Michael Given would likely not have believed the turn that his career has taken back in March 2020. During the initial COVID-19 lockdown, weary of endless Zoom meetings and quizzes, Given embarked on an unexpected journey; he took up the challenge of learning Icelandic, arguably one of the most complex Western languages for an English speaker, through the University of Iceland and a private tutor.
By May 2022, Given found himself in a key role at Hopp, an innovative Icelandic micromobility firm. Hopp’s unique franchise model sets it apart from competitors with franchises, rather than in-house operations, running e-scooter hire schemes.
Presently, Hopp oversees 42 thriving European franchises, in addition to 14 more in various stages of implementation worldwide.
“The majority of our franchises see a return on investment in under a year,” says Given. “This is a compelling proposition, especially for newly established businesses that usually struggle to turn a profit in their first year.”
The remarkable success of Hopp’s franchises validates the efficacy of its unique model. Given attributes this not only to the top-notch hardware and software Hopp has engineered, but also to the freedom it grants franchises to concentrate solely on delivering an excellent service.
Hopp equips its franchisees with cutting-edge tools that would otherwise cost millions to develop from scratch. “Our franchisees hit the ground running from day one, enabling them to focus entirely on their service. This is why so many are profitable,” says Given.
Furthermore, franchise owners bring invaluable local insight, often highlighting opportunities in regions that are neglected by less agile micromobility players.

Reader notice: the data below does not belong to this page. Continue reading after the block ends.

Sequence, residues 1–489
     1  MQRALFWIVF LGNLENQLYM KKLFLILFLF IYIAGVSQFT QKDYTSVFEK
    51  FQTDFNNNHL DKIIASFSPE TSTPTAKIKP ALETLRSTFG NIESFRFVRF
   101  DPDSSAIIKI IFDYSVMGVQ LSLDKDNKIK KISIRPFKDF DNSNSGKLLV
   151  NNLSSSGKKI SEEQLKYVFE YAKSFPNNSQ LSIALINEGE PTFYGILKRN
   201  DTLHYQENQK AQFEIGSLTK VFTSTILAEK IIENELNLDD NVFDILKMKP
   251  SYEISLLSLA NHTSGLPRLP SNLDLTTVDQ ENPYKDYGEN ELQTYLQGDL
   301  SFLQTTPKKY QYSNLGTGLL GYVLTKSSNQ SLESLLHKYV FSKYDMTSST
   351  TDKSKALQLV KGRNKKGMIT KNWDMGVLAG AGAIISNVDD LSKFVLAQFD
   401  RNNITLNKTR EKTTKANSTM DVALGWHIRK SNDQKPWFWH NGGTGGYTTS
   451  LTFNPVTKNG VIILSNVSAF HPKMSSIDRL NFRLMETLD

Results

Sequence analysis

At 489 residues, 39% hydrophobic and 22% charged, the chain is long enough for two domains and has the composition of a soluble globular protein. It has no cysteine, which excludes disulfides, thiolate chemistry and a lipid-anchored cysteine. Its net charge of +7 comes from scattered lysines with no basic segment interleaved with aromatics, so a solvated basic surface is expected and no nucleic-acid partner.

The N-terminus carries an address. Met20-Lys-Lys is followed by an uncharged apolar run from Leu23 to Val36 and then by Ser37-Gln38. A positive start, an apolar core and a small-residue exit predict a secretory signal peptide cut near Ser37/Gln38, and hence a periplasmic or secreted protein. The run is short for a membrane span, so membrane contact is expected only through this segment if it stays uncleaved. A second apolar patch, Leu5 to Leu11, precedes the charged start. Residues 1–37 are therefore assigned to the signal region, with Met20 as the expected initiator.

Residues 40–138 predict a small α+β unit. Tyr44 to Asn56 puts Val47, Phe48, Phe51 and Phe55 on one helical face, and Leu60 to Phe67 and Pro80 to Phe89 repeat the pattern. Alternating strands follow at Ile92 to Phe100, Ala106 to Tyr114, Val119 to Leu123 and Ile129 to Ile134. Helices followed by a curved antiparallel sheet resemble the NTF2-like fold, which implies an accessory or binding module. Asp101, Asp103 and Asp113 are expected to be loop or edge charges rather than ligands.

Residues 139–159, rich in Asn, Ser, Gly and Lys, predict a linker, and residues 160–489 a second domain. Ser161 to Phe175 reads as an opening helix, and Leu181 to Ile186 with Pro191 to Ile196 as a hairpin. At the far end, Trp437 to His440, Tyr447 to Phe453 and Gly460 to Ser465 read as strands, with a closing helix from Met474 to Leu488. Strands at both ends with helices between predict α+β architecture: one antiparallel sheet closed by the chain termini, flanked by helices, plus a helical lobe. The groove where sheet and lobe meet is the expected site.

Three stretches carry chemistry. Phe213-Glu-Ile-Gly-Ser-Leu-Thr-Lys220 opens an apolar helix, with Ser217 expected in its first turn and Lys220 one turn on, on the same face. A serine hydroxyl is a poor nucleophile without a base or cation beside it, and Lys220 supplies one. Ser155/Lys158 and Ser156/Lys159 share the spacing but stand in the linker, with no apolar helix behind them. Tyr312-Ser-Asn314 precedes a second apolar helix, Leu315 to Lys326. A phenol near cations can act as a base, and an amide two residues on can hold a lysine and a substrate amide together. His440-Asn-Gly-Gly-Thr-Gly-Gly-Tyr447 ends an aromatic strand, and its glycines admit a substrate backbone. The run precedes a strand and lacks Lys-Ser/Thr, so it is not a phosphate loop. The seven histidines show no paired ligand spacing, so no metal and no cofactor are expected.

Given cites an example: “One of our most successful franchises is in Kiruna, a city in northern Sweden with just 20,000 residents. The poor local transport infrastructure presented an opportunity for alternative solutions, and the franchisee seized it.”
Other successful franchises in smaller communities, such as the Vestmannaeyjar archipelago in Iceland, home to around 2,500 residents, demonstrate the potential of these underserved markets.
“A lot of tourists pass through to see puffins and the volcano that erupted in 1973,” explains Given. “It would never normally be considered by traditional micromobility firms, but the scooters allow tourists to see more of the island and boosts the local economy in the process.”
Looking ahead, Hopp is excited to announce its first franchise outside Europe: an operation in the Dominican Republic’s Cap Cana resort. With 100 Hopp e-scooters available, guests can effortlessly explore the extensive resort grounds and sprawling hotel complex. The University of Bahrain campus in Manama is also on Hopp’s global expansion radar.
“We’re actively pushing for micromobility to become a widely accepted concept, not just a tourist novelty, our success to date is testament to this,” says Given.
Hopp’s ambitious goal is to launch over 100 franchises by next summer. To support this exponential growth, it is increasing its internal team and opening a new funding round.
“We’ve been onboarding two to three franchises per month over the past year. We’re poised for a period of accelerated growth. Our new partners are enthusiastically committed to our mission of creating a carbon-neutral micromobility revolution,” asserts Given.
If the current trajectory of Hopp’s global expansion continues, Given’s language skills may have to stretch beyond just his Icelandic lessons.